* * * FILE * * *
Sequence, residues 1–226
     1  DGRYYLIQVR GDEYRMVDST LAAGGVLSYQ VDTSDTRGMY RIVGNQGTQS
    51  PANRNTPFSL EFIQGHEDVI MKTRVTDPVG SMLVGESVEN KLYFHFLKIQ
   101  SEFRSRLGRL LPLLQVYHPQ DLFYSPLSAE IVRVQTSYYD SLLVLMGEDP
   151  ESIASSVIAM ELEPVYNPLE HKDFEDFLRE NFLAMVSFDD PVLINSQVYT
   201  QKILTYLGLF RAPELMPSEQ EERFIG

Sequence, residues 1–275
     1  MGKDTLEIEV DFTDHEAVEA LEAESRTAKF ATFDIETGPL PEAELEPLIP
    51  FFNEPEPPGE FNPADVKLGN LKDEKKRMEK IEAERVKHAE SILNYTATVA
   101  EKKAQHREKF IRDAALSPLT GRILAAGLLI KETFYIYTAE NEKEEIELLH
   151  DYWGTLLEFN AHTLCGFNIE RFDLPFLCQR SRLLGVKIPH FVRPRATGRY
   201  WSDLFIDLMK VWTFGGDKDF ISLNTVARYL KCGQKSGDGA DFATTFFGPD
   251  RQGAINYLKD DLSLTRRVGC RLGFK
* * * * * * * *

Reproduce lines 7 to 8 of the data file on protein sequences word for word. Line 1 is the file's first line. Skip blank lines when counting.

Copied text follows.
Sequence, residues 1–275
     1  MGKDTLEIEV DFTDHEAVEA LEAESRTAKF ATFDIETGPL PEAELEPLIP